The National Highway Traffic Safety Administration has come under fire from safety advocacy groups claiming it’s not doing its job. The groups are calling for action and hope that the Department of Transportation will better enforce car safety regulations.
For the past 50 years, consumer advocate and NHTSA co-founder Ralph Nader has been a proponent of automotive safety. Now he’s working with advocacy groups to take a stand for the NHTSA once again. He believes politicians are responsible for making it “meek.” And he intends to help change that once and for all.
Making sure vehicles are the safest they can be
The New York Times recently reported that NHTSA criticism stems from the agency’s failure to “promptly detect and act on deadly safety problems.” Advocates said the agency also “fails to promptly carry out congressional safety mandates, keep track of the adequacy of recalls, strongly regulate autonomous vehicles, and update safety standards.” They also claim automakers receive deferential treatment.
As the Biden administration begins to adopt new policies, a coalition of six advocacy groups is on a mission to provide motorists with better protection by creating transparency in the NHTSA.
The NHTSA has played a crucial role in developing industry safety standards for automobile manufacturers since its founding in 1970. Established via the Highway Safety Act, the agency promotes the use of airbags, seat belts, and child safety seats. It also keeps motorists apprised of safety matters.
Ralph Nader: ‘NHTSA is a meek consultant to the auto giants’
Ralph Nader’s Center for Study of Responsive Law published a 68-page report on behalf of the auto safety coalition. It’s titled “Safer Vehicles and Highways: 4.2 Million U.S. Lives Spared Since 1966.”
The report’s author, Joan Claybrook, told the New York Times: “NHTSA has strong regulatory authority and talented staff, but it needs an administration that is dedicated to protecting motorists and will resist pressure from automakers.”
Responding to the New York Times article, Nader points out that since 1966, the NHTSA has made motor vehicles safer, with less pollution and better fuel efficiency. He attests that the agency’s regulation enforcement has spared over 4 million lives, prevented countless injuries, and diminished property damage.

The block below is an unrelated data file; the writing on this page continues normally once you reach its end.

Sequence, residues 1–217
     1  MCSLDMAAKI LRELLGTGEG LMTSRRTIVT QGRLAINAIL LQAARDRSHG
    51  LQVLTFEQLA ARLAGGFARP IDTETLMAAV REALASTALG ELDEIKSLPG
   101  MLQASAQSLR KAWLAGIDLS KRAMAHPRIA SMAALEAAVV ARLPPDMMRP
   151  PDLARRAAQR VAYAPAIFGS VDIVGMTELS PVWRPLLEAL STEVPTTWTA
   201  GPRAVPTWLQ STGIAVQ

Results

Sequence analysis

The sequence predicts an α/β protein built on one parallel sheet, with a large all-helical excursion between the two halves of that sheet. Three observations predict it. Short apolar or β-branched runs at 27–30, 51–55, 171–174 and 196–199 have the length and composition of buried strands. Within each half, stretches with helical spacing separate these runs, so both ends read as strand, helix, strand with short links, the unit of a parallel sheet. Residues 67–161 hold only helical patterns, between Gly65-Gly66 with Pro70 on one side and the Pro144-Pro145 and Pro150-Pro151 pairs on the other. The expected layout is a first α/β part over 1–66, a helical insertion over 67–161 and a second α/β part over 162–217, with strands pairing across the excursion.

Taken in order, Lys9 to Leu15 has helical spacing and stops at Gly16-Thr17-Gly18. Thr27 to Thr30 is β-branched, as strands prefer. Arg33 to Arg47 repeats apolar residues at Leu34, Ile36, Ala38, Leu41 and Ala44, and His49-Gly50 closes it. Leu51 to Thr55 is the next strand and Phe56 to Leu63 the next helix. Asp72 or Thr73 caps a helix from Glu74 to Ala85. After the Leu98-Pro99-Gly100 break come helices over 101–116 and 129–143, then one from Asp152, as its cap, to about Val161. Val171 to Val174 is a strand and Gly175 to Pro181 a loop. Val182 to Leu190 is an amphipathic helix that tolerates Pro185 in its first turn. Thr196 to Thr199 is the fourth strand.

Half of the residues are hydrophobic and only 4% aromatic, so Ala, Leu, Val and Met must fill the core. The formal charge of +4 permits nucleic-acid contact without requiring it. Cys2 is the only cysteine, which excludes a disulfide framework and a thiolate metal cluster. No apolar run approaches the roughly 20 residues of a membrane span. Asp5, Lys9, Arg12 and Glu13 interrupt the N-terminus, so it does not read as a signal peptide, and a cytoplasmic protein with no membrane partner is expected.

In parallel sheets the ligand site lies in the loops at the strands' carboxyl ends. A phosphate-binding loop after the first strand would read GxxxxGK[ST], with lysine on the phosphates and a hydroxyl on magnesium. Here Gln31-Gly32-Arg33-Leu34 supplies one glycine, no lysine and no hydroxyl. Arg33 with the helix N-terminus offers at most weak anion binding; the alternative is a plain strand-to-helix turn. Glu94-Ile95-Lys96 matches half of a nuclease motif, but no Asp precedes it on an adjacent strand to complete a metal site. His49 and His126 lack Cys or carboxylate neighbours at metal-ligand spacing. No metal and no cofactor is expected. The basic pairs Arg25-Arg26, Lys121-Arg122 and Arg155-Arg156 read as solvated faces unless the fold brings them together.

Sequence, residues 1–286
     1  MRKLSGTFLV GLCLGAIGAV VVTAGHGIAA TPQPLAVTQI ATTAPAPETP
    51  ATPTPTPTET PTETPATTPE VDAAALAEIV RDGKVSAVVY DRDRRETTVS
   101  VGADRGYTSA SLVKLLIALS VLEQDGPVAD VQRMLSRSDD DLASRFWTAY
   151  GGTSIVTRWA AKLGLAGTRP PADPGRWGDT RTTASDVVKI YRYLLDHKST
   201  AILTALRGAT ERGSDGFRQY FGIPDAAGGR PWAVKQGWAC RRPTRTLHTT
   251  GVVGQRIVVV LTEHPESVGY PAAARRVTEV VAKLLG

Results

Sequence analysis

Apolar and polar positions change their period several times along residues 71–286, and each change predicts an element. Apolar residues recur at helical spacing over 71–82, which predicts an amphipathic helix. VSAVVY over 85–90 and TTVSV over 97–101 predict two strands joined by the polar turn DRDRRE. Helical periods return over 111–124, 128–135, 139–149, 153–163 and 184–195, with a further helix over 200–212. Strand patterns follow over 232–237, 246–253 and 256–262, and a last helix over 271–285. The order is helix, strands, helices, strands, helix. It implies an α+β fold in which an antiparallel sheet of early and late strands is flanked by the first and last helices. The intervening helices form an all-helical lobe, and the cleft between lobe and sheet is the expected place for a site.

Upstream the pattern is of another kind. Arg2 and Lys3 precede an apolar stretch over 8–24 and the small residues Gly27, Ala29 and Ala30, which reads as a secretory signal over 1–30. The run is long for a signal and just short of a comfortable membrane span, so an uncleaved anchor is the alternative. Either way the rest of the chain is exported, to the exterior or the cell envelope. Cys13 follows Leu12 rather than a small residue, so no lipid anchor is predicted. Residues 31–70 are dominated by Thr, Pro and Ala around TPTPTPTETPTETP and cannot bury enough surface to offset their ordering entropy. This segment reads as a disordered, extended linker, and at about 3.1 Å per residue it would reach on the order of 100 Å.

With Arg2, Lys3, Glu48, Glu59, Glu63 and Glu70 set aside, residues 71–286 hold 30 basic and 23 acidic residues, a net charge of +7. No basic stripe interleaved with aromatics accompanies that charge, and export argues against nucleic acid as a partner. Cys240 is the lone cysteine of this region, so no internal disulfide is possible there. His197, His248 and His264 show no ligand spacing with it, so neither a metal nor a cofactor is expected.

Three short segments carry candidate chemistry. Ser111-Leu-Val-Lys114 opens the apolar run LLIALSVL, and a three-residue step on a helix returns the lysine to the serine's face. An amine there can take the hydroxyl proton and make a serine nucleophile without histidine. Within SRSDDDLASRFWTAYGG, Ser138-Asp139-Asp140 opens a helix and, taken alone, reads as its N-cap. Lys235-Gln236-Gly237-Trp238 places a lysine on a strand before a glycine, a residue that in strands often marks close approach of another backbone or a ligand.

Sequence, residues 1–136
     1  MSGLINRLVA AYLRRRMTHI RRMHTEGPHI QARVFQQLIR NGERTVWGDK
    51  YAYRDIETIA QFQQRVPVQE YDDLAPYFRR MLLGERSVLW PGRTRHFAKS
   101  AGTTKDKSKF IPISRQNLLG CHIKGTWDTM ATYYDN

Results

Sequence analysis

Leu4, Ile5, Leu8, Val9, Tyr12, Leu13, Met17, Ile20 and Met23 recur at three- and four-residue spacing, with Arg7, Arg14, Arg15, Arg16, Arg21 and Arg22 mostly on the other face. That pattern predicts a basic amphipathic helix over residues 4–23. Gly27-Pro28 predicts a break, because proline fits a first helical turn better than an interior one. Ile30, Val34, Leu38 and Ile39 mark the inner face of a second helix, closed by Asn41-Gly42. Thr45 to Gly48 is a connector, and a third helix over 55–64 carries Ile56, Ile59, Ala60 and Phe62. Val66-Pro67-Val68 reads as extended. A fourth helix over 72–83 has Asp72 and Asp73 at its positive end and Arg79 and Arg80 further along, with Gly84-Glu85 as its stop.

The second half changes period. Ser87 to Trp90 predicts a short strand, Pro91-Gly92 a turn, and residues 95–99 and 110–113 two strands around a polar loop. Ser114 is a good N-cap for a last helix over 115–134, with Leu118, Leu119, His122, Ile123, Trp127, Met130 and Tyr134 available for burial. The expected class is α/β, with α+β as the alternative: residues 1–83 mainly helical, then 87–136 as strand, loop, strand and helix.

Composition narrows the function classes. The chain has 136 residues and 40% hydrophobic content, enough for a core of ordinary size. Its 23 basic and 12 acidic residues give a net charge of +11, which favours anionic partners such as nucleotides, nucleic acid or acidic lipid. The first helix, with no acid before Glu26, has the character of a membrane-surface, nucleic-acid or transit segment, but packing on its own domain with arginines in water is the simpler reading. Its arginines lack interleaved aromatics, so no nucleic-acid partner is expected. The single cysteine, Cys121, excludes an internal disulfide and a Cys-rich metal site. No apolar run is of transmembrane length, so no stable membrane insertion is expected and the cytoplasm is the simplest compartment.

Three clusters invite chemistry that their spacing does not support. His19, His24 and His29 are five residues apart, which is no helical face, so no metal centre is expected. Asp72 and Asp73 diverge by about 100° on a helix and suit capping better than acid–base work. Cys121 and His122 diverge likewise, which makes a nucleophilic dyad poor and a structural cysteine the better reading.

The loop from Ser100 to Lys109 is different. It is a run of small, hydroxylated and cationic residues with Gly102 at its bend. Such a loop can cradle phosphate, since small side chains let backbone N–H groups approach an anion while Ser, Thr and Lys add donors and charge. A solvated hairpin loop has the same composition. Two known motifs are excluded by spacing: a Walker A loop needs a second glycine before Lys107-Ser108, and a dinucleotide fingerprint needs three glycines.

Nader also addressed the concerns put forth in the report. “In recent decades … under both Democratic and Republican Administrations, NHTSA was degraded into more of a sporadic, meek consultant to the auto giants, instead of a strong law enforcement agency,” he said in a column published in Common Dreams.
The consumer advocate is calling on the U.S. government to increase the NHTSA’s budget and create stronger laws. He also wants criminal penalties for automotive companies that fail to recall defective vehicles.
Nader is urging the Biden administration, under the guidance of the new secretary of transportation, Pete Buttigieg, to step up. He wants the DOT to give the NHTSA law enforcement power to ensure vehicles are the safest they can be.
Nader’s role in the NHTSA
Ralph Nader has been a political activist for most of his adult life, Ballotpedia reports. Soon to be 87 years old, he ran for president of the United States four times. In fact, his most famous campaign contributed to Al Gore’s loss in the 2000 election.
The attorney and environmentalist has dedicated his life to promoting consumer rights and stripping corporations of their seemingly limitless power. A staunch humanitarian, Nader has never stopped taking on the auto industry to promote consumer safety.
In 2016, the author and consummate advocate was inducted into the Automotive Hall of Fame. Nader also received recognition for his role in establishing the NHTSA and reducing the number of vehicle-related crashes through his 1965 best-selling book, Unsafe at Any Speed.